Even though my son grew up exposed to my feelings about the earth, even though he too cares about the condition of our earth, now even more for his children’s sake, when he was stressed and worn down from a job he clearly took for the money, not for the personal satisfaction, he ignored the environment and made decisions he wouldn’t make today. He also admits that he felt trapped by the job. He knew there were limited jobs out there that would compensate him equally. He felt trapped by the house he was able to purchase with his earnings from this highly stressful job and fearful of taking that away from his children should he leave this job.
I thought about the latest oil spill in the Gulf of Mexico. I should stop to mention that a Greenpeace activist told Thom Hartman this week that in the years between the BP spill and last week’s spill there have been 10,000 other minor spills. The CEO of Shell, company responsible for the latest spill, would fall in that category of one of the top CEOs earning millions a year. Does he feel trapped by the status his position has provided for him and his family? Maybe. From my point of view he could easily put aside a huge amount of $12.4 million this year to start a new life away from the fossil fuel industry but what if he got so caught up in spending that he’s now deeply in debt and fears how his family would react if he suddenly changed their economic status by leaving this job? Does he have to tell himself a story, one where his job isn’t responsible for climate change, just to be able to go to work each day?
My point is once you are compensated with such a large amount of money, an amount most of us can’t get our heads around, you will find a way to spend it. Until we as a society level the playing field, reducing the income gap between the top one percent and the rest of us, we won’t have consensus on how to address climate change.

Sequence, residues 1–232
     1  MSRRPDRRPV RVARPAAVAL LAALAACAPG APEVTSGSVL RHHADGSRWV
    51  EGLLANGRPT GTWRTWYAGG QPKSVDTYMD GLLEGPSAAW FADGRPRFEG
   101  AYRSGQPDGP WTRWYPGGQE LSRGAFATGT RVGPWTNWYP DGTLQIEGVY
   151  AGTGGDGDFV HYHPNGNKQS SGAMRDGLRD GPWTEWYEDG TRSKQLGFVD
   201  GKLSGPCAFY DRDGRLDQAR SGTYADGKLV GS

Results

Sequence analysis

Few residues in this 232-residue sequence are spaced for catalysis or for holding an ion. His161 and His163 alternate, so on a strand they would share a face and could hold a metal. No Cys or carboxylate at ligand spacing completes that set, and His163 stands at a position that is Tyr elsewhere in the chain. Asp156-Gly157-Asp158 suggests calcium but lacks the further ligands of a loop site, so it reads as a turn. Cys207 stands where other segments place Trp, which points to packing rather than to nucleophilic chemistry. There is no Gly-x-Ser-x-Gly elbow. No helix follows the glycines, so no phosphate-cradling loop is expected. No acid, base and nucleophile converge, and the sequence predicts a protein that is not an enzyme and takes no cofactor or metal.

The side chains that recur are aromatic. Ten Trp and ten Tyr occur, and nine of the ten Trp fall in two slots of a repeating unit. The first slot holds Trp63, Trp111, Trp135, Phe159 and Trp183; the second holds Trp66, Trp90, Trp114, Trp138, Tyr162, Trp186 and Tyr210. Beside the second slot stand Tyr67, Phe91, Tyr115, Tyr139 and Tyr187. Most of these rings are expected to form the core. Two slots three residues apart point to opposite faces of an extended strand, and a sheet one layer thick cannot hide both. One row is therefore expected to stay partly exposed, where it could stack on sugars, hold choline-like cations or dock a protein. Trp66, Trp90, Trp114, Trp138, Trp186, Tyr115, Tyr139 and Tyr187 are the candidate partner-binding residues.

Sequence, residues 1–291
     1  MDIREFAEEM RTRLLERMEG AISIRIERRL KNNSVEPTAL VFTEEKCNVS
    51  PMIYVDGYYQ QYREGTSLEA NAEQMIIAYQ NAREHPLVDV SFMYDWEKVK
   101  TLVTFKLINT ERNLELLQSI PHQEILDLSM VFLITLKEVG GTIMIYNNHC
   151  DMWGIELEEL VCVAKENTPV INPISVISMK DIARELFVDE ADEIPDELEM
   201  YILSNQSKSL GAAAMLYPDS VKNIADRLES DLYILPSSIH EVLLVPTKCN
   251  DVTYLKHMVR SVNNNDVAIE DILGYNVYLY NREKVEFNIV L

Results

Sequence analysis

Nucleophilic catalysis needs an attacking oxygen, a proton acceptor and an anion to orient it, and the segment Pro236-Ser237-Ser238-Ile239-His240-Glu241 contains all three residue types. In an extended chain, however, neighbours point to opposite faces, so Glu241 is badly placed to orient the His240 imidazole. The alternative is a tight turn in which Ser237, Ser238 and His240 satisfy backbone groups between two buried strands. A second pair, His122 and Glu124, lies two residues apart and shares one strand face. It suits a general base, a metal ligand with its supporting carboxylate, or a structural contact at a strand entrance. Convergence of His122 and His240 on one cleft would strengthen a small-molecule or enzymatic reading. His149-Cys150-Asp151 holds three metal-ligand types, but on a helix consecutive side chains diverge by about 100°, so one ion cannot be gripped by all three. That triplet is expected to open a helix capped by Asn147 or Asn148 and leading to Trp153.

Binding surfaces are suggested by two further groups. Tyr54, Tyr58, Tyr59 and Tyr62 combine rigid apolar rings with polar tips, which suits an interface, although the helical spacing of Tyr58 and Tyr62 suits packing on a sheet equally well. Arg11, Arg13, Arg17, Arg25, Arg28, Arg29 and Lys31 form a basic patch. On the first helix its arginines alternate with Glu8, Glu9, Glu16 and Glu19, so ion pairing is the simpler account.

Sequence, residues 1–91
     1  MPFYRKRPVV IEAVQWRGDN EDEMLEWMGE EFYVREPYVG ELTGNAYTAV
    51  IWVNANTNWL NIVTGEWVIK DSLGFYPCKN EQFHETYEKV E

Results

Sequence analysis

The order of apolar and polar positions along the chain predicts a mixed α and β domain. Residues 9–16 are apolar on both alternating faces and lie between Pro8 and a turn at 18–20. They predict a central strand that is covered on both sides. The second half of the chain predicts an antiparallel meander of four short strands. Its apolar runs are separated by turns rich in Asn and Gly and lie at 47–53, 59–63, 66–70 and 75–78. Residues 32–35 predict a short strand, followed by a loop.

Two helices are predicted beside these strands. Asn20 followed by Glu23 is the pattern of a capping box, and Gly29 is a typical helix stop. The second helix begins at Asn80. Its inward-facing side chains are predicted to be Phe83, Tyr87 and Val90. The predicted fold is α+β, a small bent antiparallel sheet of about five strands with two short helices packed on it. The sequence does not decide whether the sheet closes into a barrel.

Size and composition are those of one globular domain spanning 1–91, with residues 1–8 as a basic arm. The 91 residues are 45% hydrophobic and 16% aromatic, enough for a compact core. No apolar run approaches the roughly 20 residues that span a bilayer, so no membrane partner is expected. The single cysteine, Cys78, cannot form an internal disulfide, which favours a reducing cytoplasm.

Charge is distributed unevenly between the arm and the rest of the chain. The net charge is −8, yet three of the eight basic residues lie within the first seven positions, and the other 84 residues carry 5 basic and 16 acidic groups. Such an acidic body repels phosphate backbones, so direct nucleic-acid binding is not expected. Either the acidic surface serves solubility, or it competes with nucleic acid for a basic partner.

Until recently the mayor of Miami denied climate change, then he was shown photographs of the coast line over a period of several decades. He saw the coast slowly disappearing and his views immediately changed.
When a large majority of people work long hours, regardless of income, and spend more hours indoors than out they won’t notice the environment changing. They can see increases in the cost of living, their bills go up, food costs more, sure, but they won’t see that this year the trees were late blooming. They won’t notice it will rain soon because the trees have turned their leaves up to catch the water or that there are fewer songbirds visiting their neighborhood. They won’t stop to smell the flowers because they are too tired or rushed. We are disconnected from nature as a direct result of chasing the almighty dollar to fund a way of life we have become accustomed to.
I realize that the worst thing that can happen to us is to have runaway climate change. The worst is already happening and yet almost half the population of the US still denies climate change or that it is intensified by human action. I must conclude that until climate change directly impacts all of us those who deny human causation, and those who form policy, are going to continue to deny until climate change directly impacts them and their way of life.